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Arlington Heights defective medical device attorneysMedical technology is constantly improving, and new devices and techniques are regularly made available to help address patients’ conditions and improve their health. Unfortunately, there are many cases where new products are found to be unsafe after being made available for public use, and defective medical devices can cause serious injuries to patients. Those who have been injured by these devices will want to work with a personal injury attorney who can help them determine their options for pursuing compensation from a product’s manufacturer or others who were responsible for their damages.

Medical Device Recalls and Patient Injuries

The U.S. Food and Drug Administration (FDA) regularly reviews and investigates the medical devices that are used by doctors and hospitals throughout the United States. If the FDA uncovers problems with medical devices that may present a danger to patients, a device’s manufacturer may be required to perform a recall, which may include removing devices from the market or performing repairs to address issues that affect patient safety. Some medical devices that have been subject to recalls in recent years include:

  • Hip replacements - Artificial hip joints may be made of metal and other materials, but those that have metal-on-metal components have a high failure rate. Corrosion and wearing of these components can release toxic substances into a patient’s body, leading to infections, damage to muscles, nerves, and bones, and other complications.
  • Transvaginal mesh - These implants have been used to address issues such as incontinence or injuries to pelvic organs. In some cases, mesh implants can deteriorate and break down, leading to sharp fragments that can perforate tissues and organs, resulting in internal bleeding and infections.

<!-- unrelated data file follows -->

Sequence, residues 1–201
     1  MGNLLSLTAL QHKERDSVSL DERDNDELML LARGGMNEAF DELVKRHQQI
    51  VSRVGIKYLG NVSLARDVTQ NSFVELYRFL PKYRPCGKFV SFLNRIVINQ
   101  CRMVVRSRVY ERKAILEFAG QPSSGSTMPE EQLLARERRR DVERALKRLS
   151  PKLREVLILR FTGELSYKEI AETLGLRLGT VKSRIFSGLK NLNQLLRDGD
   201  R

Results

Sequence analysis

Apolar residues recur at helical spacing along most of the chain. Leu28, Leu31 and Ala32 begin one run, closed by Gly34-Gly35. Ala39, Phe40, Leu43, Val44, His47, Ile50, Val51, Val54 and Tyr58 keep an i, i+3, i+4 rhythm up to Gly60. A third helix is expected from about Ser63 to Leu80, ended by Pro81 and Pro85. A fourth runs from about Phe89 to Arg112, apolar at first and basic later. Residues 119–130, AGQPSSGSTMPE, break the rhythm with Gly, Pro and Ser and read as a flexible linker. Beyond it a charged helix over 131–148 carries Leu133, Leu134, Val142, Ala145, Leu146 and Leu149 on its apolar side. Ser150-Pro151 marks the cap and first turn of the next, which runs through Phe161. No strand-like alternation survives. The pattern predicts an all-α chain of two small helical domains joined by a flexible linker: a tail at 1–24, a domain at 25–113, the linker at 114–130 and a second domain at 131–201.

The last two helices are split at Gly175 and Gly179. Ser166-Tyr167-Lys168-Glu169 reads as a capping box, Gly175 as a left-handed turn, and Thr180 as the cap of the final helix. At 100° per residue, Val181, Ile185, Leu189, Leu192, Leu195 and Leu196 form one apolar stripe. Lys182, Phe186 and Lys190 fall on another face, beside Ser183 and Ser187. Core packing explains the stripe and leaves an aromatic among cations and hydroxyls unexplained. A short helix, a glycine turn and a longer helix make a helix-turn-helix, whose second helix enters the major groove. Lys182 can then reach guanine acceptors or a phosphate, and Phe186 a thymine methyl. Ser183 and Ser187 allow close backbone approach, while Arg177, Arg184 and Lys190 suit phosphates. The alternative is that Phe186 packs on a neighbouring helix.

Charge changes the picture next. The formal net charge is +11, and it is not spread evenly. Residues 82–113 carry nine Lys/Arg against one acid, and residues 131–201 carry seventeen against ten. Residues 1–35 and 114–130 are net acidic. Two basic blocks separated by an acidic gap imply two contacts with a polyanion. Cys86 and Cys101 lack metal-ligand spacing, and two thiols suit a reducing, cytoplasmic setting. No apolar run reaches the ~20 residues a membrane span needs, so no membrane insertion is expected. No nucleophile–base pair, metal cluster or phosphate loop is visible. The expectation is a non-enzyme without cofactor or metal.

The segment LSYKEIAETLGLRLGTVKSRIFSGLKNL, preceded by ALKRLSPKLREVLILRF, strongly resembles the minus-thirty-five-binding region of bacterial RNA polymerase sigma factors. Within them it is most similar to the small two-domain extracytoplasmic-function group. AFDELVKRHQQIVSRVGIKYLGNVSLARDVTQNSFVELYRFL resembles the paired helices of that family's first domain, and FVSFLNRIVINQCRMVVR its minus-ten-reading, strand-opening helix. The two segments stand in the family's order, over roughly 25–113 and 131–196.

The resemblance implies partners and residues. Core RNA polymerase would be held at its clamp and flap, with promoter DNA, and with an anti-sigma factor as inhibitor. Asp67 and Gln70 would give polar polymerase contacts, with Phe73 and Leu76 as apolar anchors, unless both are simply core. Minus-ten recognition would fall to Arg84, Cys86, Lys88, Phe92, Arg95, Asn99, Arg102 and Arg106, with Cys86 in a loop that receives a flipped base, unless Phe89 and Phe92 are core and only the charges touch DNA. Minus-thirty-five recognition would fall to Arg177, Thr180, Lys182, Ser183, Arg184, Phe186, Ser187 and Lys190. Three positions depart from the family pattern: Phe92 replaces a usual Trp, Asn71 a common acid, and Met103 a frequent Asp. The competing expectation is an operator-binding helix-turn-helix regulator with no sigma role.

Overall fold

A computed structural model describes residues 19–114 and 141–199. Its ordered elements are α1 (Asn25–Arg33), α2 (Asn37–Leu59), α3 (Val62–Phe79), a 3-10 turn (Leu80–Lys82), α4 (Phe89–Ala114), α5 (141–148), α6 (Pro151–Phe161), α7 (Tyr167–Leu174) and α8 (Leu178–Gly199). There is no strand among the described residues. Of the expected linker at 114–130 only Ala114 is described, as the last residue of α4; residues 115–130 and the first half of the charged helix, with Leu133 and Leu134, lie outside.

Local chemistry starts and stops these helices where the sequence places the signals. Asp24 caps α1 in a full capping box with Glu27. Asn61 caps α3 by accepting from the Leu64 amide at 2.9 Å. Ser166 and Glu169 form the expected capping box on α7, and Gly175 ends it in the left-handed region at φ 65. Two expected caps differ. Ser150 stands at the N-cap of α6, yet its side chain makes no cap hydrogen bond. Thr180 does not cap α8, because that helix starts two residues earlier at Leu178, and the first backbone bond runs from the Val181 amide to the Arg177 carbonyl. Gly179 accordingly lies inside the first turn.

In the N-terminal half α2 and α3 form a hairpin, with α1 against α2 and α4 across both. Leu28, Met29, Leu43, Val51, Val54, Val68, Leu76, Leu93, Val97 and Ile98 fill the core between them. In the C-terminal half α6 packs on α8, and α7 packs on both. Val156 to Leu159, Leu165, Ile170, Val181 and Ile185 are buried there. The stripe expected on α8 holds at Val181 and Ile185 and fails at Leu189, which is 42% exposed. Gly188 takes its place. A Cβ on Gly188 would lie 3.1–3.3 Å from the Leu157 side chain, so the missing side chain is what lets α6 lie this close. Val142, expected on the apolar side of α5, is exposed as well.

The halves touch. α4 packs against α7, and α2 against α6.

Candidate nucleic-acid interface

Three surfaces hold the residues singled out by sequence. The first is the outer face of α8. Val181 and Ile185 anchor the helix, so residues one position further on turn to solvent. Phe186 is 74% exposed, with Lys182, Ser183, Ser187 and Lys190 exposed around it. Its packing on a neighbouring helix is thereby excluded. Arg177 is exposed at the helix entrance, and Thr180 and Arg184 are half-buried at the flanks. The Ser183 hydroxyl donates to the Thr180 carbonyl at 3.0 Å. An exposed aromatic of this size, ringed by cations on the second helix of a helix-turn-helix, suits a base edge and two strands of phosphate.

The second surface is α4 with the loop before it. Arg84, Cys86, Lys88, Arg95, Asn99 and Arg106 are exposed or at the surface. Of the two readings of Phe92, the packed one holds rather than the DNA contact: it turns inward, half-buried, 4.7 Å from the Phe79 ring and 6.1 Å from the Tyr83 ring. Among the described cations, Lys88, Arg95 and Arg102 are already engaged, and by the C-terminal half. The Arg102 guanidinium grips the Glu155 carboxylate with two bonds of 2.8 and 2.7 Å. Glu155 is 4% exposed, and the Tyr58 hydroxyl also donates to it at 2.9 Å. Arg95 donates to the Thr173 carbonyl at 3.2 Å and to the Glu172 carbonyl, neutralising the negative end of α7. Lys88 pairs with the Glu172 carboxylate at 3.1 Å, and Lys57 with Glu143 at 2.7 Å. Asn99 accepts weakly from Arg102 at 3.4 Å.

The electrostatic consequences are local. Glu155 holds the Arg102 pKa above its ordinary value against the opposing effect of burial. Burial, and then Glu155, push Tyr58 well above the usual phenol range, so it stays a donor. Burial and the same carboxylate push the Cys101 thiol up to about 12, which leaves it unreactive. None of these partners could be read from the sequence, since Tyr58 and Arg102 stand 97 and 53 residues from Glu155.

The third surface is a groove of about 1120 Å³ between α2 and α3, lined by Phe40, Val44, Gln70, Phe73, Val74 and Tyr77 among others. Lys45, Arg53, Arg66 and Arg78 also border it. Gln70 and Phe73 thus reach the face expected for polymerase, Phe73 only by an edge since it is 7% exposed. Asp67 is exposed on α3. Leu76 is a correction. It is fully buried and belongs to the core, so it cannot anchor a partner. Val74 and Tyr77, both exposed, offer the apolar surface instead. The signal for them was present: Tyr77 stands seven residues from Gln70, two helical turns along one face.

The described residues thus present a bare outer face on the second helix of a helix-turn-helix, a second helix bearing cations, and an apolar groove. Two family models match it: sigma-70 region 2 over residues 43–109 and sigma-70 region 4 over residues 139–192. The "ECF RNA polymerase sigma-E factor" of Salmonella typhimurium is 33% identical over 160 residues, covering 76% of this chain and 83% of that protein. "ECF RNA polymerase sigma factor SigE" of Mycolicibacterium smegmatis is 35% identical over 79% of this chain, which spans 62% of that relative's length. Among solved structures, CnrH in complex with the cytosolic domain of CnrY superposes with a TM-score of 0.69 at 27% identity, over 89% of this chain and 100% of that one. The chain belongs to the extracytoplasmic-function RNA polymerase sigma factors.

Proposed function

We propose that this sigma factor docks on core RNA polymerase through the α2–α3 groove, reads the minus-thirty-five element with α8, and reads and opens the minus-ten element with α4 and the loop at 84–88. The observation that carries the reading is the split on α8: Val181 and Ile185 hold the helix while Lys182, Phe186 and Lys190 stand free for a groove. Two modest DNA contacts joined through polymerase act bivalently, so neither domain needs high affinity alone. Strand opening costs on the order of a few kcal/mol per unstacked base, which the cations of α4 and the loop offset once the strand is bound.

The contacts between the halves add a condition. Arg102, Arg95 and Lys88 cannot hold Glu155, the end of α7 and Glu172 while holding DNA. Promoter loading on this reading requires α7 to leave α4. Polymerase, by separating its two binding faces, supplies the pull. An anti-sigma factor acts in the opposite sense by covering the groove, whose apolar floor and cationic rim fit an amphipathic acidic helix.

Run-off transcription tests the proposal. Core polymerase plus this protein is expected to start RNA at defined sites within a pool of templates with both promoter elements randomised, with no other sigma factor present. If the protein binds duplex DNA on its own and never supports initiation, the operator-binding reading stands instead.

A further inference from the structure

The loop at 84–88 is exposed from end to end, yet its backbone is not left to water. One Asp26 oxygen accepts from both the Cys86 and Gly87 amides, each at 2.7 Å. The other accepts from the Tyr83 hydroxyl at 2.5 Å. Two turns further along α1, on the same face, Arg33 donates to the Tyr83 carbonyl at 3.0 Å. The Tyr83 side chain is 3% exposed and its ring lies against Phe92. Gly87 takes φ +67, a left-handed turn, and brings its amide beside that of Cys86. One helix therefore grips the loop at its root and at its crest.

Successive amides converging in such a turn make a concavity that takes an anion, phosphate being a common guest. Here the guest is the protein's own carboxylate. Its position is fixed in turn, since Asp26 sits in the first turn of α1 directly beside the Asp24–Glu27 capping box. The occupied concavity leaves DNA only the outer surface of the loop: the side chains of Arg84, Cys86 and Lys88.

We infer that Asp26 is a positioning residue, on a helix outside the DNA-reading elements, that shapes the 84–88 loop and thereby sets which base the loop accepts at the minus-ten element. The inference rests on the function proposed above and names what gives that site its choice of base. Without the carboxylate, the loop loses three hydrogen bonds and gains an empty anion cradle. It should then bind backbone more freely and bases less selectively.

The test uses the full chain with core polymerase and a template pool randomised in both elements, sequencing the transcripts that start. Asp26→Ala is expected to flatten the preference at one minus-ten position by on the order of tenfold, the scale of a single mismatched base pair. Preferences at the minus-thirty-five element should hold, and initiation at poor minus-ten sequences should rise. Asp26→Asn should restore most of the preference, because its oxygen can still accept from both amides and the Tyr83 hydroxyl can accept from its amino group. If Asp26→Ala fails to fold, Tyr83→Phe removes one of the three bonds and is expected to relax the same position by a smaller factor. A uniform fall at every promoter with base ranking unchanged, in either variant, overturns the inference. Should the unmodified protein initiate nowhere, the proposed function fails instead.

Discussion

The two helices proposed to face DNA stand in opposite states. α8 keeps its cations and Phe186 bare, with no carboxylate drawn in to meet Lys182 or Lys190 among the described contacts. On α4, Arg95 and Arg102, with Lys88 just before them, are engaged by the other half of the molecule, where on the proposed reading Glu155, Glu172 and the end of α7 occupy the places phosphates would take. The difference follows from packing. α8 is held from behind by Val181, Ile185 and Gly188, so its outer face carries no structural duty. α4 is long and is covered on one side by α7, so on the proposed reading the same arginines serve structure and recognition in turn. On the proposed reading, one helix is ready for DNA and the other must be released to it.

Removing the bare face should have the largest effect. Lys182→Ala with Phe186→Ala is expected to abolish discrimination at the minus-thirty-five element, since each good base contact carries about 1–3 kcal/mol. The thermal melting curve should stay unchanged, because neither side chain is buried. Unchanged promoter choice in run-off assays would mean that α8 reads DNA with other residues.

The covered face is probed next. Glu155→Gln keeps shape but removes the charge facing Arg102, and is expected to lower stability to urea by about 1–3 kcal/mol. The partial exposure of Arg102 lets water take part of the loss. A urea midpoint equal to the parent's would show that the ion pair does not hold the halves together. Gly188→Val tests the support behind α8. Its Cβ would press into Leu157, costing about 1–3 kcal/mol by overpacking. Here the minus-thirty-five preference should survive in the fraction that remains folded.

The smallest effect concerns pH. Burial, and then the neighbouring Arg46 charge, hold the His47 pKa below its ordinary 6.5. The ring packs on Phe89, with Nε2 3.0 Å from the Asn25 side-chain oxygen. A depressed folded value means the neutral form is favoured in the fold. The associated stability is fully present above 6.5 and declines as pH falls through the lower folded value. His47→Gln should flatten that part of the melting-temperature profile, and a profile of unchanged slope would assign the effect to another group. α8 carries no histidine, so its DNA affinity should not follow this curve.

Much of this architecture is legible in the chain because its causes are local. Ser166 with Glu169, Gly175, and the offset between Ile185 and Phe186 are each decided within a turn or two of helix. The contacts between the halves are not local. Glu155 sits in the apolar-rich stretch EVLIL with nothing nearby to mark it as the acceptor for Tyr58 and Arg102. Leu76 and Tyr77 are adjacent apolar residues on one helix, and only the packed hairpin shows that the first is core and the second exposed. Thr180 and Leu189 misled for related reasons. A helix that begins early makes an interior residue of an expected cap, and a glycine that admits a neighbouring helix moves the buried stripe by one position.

• IVC blood filters - Small metal filters may be inserted into major blood vessels to prevent blood clots from traveling to the lungs, brain, or heart. These filters may break apart, and metal pieces may travel through the bloodstream and perforate organs, leading to hemorrhaging and organ damage.
  • Surgical warming blankets - During surgery, blankets that are heated by warm air may be used to stabilize a patient’s temperature. However, the circulation of air through these blankets may allow for the spread of germs, leading to serious infections.

Contact Our Rolling Meadows Product Liability Lawyers

While medical devices are meant to improve patients’ health, they can cause long-lasting or permanent injuries if they do not function properly. The attorneys of Newland & Newland, LLP can help you determine your options if you were injured by a defective medical device, and we will fight to ensure that you are fully compensated for the damages you have suffered. Contact our Palatine defective product attorneys at 847-797-8000 to set up a free consultation today.


It has been several years since Michigan-based medical device manufacturer Stryker issued a voluntary recall of their Rejuvenate and ABH II modular-neck stem metal hip replacements, according to the U.S. Food and Drug Administration. The recall was made after many patients complained that the hip replacement was defective, causing them more pain and suffering than before the implant was surgically inserted. The main issue with the device is that it was found to be subject to a high rate of corrosion at the neck junction.

In November of last year, an agreement was reached in New Jersey that determined that the manufacturer would pay an average of $300,000 per implant in individual lawsuits brought against it. In some cases, depending if the patient is deceased, the payout may be less. In other cases, in which the pain and suffering is determined to be extreme, the payout may be more. The company, in total, would payout $1.4 billion in settlement claims, though the claim must be filed by an individual patient, even in this mass tort case.